Virgin: leading the pack in health service privatisation.
“… The East Coast franchise was to be terminated three years early in 2020 under a controversial rail strategy announced by Grayling in November, potentially letting Virgin-Stagecoach off the hook for more than £1bn in promised payments to government. The announcement on Monday brought forward the termination of the current contract.
Virgin Trains East Coast admitted overbidding after it pledged to pay £3.3bn to run the service until 2023, with passenger numbers failing to rise in line with expectations. Cancelled infrastructure upgrades by Network Rail meant that a significant number of additional seats on new trains expected after 2020 would not be operating, making the government partially responsible.
However, Grayling risked stoking further anger on Monday by announcing that Virgin would be granted a further direct award, or contract without competition, to run the lucrative InterCity West Coast service, potentially until 2020. The Department for Transport had announced in 2016 that it was expecting to extend Virgin’s contract from this April for a further 12 months, until April 2019, before a new “West Coast Partnership” franchise was awarded, to include the introduction of HS2 high-speed trains from 2026.
Virgin has now retained the contract without competition since the proposed award of the franchise to rival First Group collapsed under a legal challenge in 2012. The west coast has consistently returned large dividends to Sir Richard Branson, who owns 51% of the joint venture, and to Stagecoach, which own 49%, topping £100m in the last two years alone.
Grayling’s announcement prompted fierce denunciation from Labour. Shadow transport secretary Andy McDonald said it was an insult to taxpayers: “What makes me want to weep is he’s giving more gifts to Richard Branson and [Stagecoach founder] Brian Souter. Let’s not forget that these are companies who extracted hundreds of millions of pounds in rigged compensation payments from taxpayers during the upgrade of the West Coast mainline … Similar tactics are now being deployed. Virgin games the system. It’s done it before and it’s doing it again.” …
“East Devon District Council say they are taking a ‘more commercial approach to generate income’ as they tackle a predicted budget deficit of £735,000.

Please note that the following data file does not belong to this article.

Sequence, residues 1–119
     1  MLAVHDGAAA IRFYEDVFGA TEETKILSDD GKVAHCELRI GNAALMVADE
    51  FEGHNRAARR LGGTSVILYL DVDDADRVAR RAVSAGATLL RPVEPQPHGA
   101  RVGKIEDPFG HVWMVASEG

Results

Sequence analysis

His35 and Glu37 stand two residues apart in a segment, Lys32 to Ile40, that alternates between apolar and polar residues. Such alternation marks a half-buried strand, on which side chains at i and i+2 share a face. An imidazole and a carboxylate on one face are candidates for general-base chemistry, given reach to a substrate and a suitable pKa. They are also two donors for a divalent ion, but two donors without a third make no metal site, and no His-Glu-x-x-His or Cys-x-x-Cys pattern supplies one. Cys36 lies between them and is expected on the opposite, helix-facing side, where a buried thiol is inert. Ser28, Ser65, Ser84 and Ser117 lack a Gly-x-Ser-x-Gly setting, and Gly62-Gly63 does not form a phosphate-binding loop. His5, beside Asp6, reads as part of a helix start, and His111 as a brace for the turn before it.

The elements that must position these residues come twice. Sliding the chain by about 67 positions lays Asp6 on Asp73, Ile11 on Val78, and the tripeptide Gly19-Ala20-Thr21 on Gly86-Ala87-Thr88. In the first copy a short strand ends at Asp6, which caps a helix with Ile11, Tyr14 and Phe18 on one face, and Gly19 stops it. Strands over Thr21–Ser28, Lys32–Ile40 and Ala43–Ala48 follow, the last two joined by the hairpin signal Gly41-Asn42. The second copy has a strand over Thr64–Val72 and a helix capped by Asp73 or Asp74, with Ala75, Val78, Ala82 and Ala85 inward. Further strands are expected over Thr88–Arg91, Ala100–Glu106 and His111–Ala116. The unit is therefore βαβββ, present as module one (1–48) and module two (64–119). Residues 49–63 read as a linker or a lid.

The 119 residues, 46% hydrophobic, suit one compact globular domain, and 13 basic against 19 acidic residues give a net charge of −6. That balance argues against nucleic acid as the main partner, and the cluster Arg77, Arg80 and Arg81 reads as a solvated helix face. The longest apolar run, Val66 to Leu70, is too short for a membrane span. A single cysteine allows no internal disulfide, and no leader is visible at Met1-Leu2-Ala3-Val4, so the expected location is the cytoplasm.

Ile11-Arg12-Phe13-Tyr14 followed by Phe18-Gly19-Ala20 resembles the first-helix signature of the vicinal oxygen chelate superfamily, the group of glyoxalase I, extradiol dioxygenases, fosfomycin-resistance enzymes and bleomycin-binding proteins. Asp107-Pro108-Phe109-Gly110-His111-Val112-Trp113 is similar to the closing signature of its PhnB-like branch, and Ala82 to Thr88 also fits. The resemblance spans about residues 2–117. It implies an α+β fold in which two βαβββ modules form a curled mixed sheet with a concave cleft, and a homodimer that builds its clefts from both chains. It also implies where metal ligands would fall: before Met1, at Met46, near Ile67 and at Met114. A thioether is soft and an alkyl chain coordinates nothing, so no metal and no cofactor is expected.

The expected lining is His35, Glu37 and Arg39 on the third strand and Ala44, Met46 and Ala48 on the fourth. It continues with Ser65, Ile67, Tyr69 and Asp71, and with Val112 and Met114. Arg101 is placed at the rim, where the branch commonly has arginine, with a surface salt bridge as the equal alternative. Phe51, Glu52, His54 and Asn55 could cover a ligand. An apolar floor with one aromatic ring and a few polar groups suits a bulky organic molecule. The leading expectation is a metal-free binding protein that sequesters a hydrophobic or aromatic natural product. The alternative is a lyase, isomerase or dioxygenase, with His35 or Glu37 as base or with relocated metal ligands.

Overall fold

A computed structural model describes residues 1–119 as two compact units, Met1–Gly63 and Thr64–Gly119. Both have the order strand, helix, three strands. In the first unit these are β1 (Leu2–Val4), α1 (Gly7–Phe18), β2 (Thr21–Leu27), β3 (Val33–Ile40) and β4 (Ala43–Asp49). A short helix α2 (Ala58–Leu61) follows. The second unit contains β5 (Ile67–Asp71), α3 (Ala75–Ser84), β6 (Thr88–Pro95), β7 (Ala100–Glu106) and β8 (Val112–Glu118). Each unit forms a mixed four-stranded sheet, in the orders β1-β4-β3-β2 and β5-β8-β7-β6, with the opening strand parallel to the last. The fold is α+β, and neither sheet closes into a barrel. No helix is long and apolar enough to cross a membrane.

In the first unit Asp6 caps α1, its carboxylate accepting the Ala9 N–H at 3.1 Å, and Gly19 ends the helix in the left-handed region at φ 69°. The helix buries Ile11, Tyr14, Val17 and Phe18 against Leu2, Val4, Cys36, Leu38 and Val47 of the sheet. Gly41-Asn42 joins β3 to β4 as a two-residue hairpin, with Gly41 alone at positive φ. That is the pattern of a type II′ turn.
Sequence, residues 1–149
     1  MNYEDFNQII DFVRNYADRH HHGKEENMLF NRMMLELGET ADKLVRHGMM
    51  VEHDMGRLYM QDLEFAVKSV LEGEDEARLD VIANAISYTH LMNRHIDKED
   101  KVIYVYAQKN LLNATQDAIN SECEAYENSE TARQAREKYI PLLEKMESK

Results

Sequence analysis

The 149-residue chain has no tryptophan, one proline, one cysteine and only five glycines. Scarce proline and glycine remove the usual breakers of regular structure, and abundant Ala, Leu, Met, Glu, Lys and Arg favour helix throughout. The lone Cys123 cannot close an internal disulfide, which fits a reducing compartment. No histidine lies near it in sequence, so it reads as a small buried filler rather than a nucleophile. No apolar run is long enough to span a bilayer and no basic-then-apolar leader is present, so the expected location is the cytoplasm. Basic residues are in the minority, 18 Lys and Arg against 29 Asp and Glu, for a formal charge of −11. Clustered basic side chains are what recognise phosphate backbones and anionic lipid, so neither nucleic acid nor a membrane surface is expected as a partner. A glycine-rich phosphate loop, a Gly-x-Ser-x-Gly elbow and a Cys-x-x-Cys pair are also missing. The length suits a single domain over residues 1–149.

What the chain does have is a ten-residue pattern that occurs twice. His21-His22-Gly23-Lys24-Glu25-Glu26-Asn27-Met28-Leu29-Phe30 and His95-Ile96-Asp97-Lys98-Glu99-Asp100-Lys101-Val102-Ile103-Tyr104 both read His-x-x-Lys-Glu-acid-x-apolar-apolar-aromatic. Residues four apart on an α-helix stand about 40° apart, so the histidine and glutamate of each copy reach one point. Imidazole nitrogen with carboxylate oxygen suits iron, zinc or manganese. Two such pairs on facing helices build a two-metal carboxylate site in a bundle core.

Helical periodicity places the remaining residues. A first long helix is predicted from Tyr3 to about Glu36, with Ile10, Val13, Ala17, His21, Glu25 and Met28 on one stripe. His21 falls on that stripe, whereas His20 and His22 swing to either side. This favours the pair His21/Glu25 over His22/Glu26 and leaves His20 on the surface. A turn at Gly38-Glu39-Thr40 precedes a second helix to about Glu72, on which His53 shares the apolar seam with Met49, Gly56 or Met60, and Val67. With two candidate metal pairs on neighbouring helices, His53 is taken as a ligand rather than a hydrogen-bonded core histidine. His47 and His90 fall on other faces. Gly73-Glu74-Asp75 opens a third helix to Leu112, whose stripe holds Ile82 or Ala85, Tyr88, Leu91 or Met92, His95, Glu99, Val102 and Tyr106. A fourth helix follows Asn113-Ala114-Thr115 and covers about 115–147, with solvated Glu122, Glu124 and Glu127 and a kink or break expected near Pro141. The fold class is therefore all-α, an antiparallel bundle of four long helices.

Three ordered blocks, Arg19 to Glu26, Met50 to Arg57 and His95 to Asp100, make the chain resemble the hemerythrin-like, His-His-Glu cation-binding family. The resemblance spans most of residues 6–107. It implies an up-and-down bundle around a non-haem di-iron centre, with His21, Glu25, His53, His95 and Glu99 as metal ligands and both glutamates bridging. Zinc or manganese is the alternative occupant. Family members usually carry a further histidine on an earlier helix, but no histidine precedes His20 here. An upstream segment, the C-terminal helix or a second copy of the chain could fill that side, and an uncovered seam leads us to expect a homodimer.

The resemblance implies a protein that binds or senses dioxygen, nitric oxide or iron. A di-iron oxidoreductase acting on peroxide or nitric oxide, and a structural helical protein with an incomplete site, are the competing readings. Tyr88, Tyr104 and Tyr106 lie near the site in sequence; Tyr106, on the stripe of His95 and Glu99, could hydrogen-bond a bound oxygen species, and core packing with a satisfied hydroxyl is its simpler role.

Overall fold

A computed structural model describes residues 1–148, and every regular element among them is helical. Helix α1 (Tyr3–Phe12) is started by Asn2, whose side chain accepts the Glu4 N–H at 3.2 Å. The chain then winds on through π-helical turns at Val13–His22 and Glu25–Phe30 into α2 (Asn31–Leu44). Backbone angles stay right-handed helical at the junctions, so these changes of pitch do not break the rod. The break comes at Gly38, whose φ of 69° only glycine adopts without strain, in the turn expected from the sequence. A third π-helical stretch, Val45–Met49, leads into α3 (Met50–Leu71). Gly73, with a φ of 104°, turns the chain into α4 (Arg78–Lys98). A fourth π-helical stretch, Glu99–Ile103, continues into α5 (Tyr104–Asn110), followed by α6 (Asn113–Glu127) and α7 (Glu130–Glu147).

A Council Tax increase of £5 a year, giving a Band D council tax of £136.78 a year for 2018/19, is recommended for approval by the council’s cabinet committee when they meet on Wednesday night.
But Cllr Ian Thomas, the council’s portfolio holder for finance, said that as only 25 per cent of income is generated through council tax, they need to find alternative ways of raising money.
Cllr Paul Diviani, Leader of East Devon District Council, said: “The council is developing a more commercial approach to generate income for key council services but as we take our various ideas forward, consultation will be key – for example, consultations about various car parks and public toilets and consultations about other initiatives including how we can make our assets more commercial and income generating.” …
… Future reductions combined with other budgetary pressures mean that the Council’s Medium Term Financial Plan (MTFP) is currently predicting a budget deficit of £0.735m in 2018/19, rising to £3m by 2020/21 and potentially to £5.4m by 2027/28. …”
Comment added as post:
““Responsible stewardship and sustainable development are at the heart of everything we do.” So says Clinton Devon Estates web site. If only!
John F. Travis in his book “The Rise of the Devon Seaside Resorts” writes:
“The case of Exmouth serves to show that genteel landowners did not always ensure that resort development was of a superior quality. At Exmouth almost all the land was concentrated in the hands of the Rolle family,… but they tended to grant leases without exercising proper control over the subsequent development. In 1850 the Board of Health inspector castigated the Rolle family for not having concerned themselves with the “class or disposition of the houses erected” on their estate, with the result that properties were “chiefly of the second and third class . . . built without much attention to regularity and uniformity of design”….. In 1895 the Exmouth Urban District Council found it was powerless to prevent the spread of houses across Wythycombe Marsh, despite the fact that this low-lying area was frequently flooded and was contaminated by sewage.